Activities in Auli
Skiing is one of the most sought-after winter activities tourists indulge in Auli. Only a handful of ski resorts exist in India and Auli is one of them, which offers various snow activities to tourists.
Trekking is another options for tourists, as there are numerous trekking routes that commences from Auli. These treks take one through alluring meadows, green pastures, rivulets and verdant valleys. Some treks are shorter while other takes more than a week to complete. Here is the list of few treks that can be completed within a day: Auli - Gorson (7 km), Gorson - Tali (6 km) and Khulara - Tapovan (9 km)
Staying in Auli
One of the very few ski destinations in India, Auli attracts ski aficionados from all over the country and the world. Due to its elevation (3,000m) and relative remote location, only a handful of accommodations are available at Auli itself. A better option would be finding an accommodation at Joshimath where they are in abundance. At Joshimath you’d be able to find a place to stay according to your budget. Joshimath is few kilometres away from Auli.
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Auli Food Guide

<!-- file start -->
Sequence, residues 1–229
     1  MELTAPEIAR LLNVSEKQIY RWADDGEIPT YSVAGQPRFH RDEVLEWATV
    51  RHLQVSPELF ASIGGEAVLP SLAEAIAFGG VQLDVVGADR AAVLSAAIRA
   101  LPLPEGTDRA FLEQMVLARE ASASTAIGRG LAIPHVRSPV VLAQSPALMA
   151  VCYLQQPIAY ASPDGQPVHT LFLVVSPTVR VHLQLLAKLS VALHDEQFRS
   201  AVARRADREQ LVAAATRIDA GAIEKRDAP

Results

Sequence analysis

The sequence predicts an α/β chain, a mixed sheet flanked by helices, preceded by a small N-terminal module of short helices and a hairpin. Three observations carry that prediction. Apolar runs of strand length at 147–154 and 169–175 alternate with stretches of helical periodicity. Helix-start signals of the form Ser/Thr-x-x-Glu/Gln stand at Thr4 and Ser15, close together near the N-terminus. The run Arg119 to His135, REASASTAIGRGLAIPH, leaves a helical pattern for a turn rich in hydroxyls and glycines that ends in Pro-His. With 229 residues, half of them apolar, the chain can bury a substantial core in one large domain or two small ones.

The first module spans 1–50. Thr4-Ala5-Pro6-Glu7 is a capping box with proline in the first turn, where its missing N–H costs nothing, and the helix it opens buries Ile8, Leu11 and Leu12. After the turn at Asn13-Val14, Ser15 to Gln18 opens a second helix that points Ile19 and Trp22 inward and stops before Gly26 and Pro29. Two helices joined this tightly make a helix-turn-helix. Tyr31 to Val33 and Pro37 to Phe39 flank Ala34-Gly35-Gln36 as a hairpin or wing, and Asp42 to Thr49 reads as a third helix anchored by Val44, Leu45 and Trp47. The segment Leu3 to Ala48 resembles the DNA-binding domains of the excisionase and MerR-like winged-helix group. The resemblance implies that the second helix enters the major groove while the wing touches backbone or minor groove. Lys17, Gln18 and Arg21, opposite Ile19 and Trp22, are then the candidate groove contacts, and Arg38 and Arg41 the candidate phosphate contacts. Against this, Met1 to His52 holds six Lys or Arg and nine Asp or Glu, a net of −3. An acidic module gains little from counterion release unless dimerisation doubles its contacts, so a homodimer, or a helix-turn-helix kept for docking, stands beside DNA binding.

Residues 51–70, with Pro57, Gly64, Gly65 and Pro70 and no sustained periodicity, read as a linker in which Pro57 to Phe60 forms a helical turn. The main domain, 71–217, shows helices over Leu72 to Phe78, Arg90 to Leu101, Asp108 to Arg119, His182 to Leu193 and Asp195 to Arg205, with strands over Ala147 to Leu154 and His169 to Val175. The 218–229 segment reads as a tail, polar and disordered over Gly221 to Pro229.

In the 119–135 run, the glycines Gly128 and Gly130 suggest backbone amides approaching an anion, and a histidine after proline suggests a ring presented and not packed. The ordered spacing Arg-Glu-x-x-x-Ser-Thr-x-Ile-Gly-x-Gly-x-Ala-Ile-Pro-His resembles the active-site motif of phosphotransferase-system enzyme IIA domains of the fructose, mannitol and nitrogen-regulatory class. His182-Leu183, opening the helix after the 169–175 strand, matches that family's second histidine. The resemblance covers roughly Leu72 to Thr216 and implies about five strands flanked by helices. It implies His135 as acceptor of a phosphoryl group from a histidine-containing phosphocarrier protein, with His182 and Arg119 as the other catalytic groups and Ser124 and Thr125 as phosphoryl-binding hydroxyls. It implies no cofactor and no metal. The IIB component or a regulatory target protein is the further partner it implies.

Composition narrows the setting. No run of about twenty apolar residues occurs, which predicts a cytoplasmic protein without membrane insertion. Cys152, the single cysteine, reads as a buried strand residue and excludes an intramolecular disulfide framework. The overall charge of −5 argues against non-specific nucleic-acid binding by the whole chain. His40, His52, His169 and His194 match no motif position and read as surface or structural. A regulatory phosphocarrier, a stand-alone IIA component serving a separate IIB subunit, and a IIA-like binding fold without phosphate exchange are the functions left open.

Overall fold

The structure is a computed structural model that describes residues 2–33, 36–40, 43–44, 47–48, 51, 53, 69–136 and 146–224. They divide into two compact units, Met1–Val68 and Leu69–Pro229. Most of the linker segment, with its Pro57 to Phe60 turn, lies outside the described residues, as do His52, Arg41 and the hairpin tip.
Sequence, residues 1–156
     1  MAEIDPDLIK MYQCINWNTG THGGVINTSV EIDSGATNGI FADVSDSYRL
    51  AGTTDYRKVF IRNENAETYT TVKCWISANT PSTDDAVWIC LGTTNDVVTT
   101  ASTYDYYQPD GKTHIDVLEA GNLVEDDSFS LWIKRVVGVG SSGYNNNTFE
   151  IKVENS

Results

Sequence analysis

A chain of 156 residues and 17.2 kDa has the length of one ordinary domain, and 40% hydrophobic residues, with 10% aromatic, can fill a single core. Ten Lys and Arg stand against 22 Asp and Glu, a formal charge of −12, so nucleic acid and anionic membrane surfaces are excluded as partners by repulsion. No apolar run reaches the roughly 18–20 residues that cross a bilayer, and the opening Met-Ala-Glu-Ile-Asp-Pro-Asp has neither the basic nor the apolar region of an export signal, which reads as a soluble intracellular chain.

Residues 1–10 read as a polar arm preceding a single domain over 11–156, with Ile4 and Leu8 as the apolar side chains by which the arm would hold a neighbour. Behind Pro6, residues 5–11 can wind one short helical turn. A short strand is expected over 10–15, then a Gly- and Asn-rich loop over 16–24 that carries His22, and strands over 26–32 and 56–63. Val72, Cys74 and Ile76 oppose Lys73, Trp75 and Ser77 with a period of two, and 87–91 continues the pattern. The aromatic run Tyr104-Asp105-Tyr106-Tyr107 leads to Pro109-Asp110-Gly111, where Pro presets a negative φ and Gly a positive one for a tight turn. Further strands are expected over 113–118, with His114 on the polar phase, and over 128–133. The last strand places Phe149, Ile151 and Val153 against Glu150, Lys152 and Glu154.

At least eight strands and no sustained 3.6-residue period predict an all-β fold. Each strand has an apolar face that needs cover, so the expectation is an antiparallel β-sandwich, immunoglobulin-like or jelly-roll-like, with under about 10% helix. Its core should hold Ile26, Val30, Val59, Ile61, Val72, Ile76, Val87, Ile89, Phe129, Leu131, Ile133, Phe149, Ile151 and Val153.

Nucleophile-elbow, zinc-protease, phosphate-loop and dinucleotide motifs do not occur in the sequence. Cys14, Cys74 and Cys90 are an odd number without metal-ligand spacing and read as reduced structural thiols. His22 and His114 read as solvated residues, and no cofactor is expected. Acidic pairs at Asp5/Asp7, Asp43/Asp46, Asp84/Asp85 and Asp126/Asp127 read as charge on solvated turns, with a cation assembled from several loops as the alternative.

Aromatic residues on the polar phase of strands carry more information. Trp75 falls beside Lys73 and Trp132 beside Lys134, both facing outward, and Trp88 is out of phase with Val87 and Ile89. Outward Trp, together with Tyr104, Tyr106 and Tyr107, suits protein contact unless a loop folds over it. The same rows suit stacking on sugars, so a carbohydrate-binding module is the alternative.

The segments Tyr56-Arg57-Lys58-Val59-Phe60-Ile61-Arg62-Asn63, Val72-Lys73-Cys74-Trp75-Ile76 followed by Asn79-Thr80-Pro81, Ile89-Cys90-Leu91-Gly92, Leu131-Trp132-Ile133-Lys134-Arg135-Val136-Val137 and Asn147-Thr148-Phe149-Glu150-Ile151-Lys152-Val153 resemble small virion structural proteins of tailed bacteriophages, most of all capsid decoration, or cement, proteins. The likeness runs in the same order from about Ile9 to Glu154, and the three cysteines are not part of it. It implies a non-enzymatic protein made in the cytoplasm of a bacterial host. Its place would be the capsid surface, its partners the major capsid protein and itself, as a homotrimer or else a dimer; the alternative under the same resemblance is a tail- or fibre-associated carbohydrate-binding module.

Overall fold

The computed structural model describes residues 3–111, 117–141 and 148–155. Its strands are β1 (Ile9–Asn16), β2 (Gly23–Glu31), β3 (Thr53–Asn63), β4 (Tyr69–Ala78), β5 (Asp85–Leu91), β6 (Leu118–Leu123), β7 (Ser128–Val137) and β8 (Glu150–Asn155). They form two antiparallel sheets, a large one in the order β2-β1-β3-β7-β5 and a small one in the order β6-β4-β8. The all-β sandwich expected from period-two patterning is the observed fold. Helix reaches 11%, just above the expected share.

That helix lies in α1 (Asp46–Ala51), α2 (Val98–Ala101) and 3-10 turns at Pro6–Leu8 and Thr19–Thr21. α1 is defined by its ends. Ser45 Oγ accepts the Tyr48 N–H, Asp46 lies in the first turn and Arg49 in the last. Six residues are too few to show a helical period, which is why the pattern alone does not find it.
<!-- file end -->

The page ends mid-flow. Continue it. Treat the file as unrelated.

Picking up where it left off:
Being a sparsely populated place, Auli doesn’t offer you many options of restaurants and cafes. The in-house restaurants at the resorts and hotels will be your best options. However, if you have opted to stay at Joshimath instead, you would be delighted to know that there are quite a few restaurants to choose from. Some may even serve authentic Garhwali cuisine like Kachmauli (stuffed goat with oil and spice), Bal Mithai (a popular local sweet), and Singhori (a cone shaped sweet wrapped in Malu Leaf).
History of Auli
Auli means ‘Bugyal’ in local language which literally suggests meadows. The snow-shrouded hill station of Auli was inhabited by the semi-nomadic Bhotiya tribes and was a hub for trade and business. For centuries, the Bhotiya people used to trade on the barter system with the neighboring country of Tibet (now a part of China).
The Bhotiyas used to traverse on horses and on foot to trade with Tibet and the nearby tribes. They used the ski slopes for training the soldiers, who used to serve in the ruling king’s army. Later on, these slopes were used to train the forces of Indo-Tibetan boarder police and now it has converted to ski slopes for tourists.